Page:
The church empowers our efforts to heal the world
This letter was written to Ricky Olmos—musician, photographer, reporter, and sometime entrepreneur.
Anyone can see you’ve got an eye for the city. There’s something inside you that longs for the thrum and excitement of broad streets and urban delights. Even in our little town, I see you wandering with an eye toward expansion, greatness, and continued development. That’s a gift. You’re a person of possibilities pursued. But I’d like to offer an illustration about how you might consider aiming your civic fantasies.
Envision looking down on a model city (like Lego) from above. Now imagine you have an idea to help this city and heal the world. That idea is represented by a glass cube. If you hold the cube to your eye, you see it’s ruby-colored. Now, put that cube over top of—say—City Hall. I want you to see your cube—your idea—sliding over City Hall, like a glove over a hand.
What happens now?
Not much, truthfully. Your idea is still ruby-colored, but because it’s now been placed over top of another building in the model city, it’s also slightly darker. In fact, you have to strain to see it’s ruby-colored at all.
Your idea has grown dim.
What would happen if you place your idea over—say—a bright light? There’s one in the middle of the model city. Actually, there are several. As you look closer, you realize there are key locations in the model city that are not dark, but are glowing brilliantly.
Quickly—take your idea-cube and move it over top of the bright light. What happens?
Your idea explodes! Your ruby-colored idea is now on fire. It’s a beacon of creative goodness in a city that desperately needs light.
Ok—thanks for playing. Have you figured out what the light is? Easy peas-y. It’s the people of God.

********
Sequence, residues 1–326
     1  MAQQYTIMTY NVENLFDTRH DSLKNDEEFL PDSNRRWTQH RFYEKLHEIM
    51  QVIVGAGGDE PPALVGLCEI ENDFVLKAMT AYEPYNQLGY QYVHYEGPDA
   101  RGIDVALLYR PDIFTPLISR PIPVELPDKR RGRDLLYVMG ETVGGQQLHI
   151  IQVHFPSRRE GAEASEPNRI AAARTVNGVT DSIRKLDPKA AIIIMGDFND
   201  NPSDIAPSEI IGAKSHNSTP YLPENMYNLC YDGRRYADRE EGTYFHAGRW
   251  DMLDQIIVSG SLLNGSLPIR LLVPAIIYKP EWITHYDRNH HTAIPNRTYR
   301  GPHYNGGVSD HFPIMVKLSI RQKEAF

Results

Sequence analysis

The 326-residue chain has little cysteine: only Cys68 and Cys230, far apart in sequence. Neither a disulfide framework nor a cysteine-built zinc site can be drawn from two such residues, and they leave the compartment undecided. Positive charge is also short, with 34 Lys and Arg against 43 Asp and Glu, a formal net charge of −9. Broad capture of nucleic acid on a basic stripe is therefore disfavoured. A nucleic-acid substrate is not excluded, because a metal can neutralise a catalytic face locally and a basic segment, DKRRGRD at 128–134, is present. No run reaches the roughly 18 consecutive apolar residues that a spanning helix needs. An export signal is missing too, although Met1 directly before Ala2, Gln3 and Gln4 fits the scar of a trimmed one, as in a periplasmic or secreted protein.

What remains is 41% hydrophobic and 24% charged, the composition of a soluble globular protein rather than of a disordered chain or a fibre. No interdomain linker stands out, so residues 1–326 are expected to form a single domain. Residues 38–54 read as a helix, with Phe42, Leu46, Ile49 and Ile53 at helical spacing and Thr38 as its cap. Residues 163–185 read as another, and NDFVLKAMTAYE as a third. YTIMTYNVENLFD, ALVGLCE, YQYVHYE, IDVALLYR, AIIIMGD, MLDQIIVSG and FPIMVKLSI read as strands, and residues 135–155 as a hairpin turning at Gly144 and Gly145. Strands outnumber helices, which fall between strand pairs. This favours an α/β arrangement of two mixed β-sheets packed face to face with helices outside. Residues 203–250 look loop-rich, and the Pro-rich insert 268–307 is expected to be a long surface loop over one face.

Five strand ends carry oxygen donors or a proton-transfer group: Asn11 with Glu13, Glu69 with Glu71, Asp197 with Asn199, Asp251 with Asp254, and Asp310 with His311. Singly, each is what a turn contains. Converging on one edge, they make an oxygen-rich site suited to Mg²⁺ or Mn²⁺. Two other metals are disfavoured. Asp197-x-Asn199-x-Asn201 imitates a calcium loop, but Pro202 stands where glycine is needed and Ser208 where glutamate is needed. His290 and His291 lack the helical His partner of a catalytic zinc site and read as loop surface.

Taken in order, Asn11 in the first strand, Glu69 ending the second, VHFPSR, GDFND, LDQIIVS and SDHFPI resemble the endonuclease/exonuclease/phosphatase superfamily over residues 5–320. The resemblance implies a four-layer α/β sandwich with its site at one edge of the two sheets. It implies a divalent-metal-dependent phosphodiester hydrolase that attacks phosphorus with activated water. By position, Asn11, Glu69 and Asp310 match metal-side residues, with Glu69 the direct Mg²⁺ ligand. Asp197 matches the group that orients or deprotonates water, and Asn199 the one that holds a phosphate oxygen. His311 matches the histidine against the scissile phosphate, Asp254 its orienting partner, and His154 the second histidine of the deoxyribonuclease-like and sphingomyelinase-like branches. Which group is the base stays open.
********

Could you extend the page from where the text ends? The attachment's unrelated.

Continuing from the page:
God has given you insights, ambitions, and fervor to heal the world. You’ve got dreams and plans for how to draw together the resources of Creation, bring wise order to the garden, and release human potential. The trouble is, every time you pitch your ideas they never seem to gain traction. Even if people like your ideas, when the time to implement those ideas comes around, your ideas seem dimmer than they were when you first felt the spark of God’s inspiration.
There are many people who will applaud your ideas, but they see everything through the lenses of progress and profit. Christian theologian Stephen Um says, “the optimism of the new urbanist is based in part on the reality that cities are ideal places for human flourishing.” This sounds great, except it’s wrong. Our cities are cracked and broken, lesser versions of their nobler, holier, ideal. Um continues, saying “[our cities simply] cannot fulfill us in any ultimate sense.”
But you don’t have to pitch your ideas to strangers, or through official channels, or even to “the powers that be.” God has called his people to be a light in the darkness, to live as a City within the city. Cities can either help us flourish or make us famished, depending on the energizing power within. There is darkness in the city, but light also. You’ve got to decide where you’ll make your investment. And I don’t mean to suggest that you should focus all your energy on church involvement to do church-y things for churched people. On the contrary, you must always be the voice within the church reminding others that light shines brightest in the dark. You can shine a light in the dark, but you can also shine a light into your eyes and lose your sight entirely. You must remind your church that her light is for the world, not for herself.
Go to your friends. Go to your peers. Go to your church. Take your light and add it to ours. Let the combined luminescence of God’s people explode across the city. Don’t waste time convincing the disaffected that there’s a spiritual malaise in our city. Just begin to counteract hopelessness with promise, despair with hope, and fragmentation with wholeness.
 Um and Buzzard, Why Cities Matter, 52.